Conference Call and Webcast Information
Madrigal will hold a conference call and webcast this morning at
The conference call will also be webcast and can be accessed at: http://www.madrigalpharma.com/newsroom/presentations/ in the “Events and Presentations” section of the Madrigal website.
If you are unable to participate, a replay of the conference call will be available on the website under http://www.madrigalpharma.com/newsroom/presentations/.
About the Study
The 12-week, randomized, double-blind, placebo-controlled, multi-center Phase 2 study enrolled 116 patients with HeFH in several European countries. Patients were randomized in a 2:1 ratio to receive either 100 mg MGL-3196 or placebo, in addition to their current drug regimen including high dose statins (80 mg Lipitor; 40 mg Crestor) with ezetimibe. Based on a prespecified drug exposure level measured at Week 2, some patients with higher than target MGL-3196 levels were treated with 60 mg MGL-3196 from Week 4-12. The primary endpoint of the study was reduction of LDL cholesterol, with secondary endpoints including reductions in triglycerides, Lp(a), and ApoB, as well as safety. Lp(a) is a severely atherogenic lipid particle, commonly elevated in familial hypercholesterolemia patients, the levels of which are not adequately reduced by existing lipid lowering therapies. THR-β agonism is one of the few therapeutic approaches that can substantially lower Lp(a).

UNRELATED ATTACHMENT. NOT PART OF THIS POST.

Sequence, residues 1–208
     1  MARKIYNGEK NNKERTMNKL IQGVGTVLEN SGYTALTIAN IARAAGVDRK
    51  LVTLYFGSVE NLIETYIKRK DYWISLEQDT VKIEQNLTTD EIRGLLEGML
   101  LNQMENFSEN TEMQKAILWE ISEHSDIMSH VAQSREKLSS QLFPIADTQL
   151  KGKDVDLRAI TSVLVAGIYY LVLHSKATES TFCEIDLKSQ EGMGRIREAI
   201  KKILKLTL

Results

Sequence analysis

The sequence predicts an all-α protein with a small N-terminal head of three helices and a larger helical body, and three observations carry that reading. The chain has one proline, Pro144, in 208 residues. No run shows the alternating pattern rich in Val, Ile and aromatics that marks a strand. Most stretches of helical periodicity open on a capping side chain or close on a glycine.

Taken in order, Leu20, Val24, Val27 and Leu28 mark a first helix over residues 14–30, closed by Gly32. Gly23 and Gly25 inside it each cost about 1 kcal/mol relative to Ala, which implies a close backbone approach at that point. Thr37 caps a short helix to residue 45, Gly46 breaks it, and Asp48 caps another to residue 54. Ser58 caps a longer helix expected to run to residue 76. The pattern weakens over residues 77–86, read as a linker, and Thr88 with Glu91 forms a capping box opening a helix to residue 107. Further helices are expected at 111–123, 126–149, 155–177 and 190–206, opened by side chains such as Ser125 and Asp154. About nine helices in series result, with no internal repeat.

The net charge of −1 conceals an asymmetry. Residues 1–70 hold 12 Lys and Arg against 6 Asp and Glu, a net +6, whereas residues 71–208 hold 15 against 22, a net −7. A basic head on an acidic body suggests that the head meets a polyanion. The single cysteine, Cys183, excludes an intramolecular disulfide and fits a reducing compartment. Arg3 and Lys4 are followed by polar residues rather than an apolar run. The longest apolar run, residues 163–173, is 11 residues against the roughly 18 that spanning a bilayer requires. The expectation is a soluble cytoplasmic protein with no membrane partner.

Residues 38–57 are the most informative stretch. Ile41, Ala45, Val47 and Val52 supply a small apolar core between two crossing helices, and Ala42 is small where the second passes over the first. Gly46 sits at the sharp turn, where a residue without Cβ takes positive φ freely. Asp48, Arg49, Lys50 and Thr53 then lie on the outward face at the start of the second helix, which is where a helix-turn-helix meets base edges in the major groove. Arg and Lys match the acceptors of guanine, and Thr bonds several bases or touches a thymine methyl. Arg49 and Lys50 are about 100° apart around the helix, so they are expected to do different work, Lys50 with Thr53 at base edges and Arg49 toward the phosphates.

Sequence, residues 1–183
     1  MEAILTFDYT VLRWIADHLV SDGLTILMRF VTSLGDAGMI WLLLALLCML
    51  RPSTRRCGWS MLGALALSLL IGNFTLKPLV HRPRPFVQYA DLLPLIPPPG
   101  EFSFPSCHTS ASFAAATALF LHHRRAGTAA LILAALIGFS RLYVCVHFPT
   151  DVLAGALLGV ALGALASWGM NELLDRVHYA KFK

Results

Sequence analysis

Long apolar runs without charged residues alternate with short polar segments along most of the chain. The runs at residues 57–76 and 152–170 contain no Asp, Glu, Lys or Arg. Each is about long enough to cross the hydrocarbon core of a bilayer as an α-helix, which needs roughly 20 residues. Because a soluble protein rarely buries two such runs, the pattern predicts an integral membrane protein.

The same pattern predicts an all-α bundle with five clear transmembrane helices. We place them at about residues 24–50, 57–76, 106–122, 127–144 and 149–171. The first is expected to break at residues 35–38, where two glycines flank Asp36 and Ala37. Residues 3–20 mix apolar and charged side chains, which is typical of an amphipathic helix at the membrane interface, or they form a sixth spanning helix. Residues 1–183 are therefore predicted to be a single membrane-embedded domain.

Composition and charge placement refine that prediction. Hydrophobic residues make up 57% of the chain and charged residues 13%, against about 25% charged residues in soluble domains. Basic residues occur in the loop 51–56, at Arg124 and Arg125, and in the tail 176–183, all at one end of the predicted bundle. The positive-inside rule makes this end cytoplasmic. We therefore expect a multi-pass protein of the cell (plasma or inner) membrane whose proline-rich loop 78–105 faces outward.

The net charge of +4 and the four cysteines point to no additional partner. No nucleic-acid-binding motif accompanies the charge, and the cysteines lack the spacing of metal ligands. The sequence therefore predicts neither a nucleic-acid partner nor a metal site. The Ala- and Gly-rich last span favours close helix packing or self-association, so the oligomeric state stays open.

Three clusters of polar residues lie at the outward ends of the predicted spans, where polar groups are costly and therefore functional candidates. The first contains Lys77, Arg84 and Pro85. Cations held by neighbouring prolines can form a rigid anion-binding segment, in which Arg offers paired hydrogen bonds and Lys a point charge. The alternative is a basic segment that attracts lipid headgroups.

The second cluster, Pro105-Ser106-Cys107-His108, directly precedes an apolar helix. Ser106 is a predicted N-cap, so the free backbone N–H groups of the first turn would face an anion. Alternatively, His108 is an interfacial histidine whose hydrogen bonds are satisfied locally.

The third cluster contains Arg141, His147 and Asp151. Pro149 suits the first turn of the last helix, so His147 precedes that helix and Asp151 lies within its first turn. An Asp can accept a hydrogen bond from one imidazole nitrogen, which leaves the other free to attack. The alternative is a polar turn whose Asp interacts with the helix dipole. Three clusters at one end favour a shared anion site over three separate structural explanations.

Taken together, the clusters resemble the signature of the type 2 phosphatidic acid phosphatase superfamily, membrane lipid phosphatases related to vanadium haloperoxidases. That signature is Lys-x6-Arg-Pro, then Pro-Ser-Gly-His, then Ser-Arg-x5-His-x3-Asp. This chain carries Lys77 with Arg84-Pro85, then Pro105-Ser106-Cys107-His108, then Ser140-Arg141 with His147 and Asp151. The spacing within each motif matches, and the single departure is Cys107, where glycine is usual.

Heterozygous familial hypercholesterolemia (HeFH), and a much rarer form called homozygous familial hypercholesterolemia (HoFH), are severe genetic dyslipidemias typically caused by inactivating mutations in the LDL receptor. Both forms of FH lead to early onset cardiovascular disease. HeFH, the most common dominantly inherited disease, is present in up to 1 in 200 people; the disease is found in higher frequencies in certain more genetically homogenous populations. Treatments exist for both HeFH and HoFH but many patients (as many as 40% of HeFH patients) are not able to reach their cholesterol (LDL-C) reduction goals on these therapies, reflecting the lifetime burden of cholesterol buildup in their bodies.